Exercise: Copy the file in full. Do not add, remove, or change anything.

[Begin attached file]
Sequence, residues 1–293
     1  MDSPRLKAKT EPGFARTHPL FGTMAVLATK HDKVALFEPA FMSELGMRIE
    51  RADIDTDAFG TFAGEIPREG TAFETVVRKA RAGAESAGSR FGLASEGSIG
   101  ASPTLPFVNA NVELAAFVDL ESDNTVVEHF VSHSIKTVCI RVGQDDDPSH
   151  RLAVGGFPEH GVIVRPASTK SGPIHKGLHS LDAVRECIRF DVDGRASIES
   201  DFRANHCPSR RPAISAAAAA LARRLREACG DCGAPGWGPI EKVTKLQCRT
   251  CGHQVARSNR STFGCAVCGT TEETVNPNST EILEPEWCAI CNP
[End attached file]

Sequence, residues 1–293
     1  MDSPRLKAKT EPGFARTHPL FGTMAVLATK HDKVALFEPA FMSELGMRIE
    51  RADIDTDAFG TFAGEIPREG TAFETVVRKA RAGAESAGSR FGLASEGSIG
   101  ASPTLPFVNA NVELAAFVDL ESDNTVVEHF VSHSIKTVCI RVGQDDDPSH
   151  RLAVGGFPEH GVIVRPASTK SGPIHKGLHS LDAVRECIRF DVDGRASIES
   201  DFRANHCPSR RPAISAAAAA LARRLREACG DCGAPGWGPI EKVTKLQCRT
   251  CGHQVARSNR STFGCAVCGT TEETVNPNST EILEPEWCAI CNP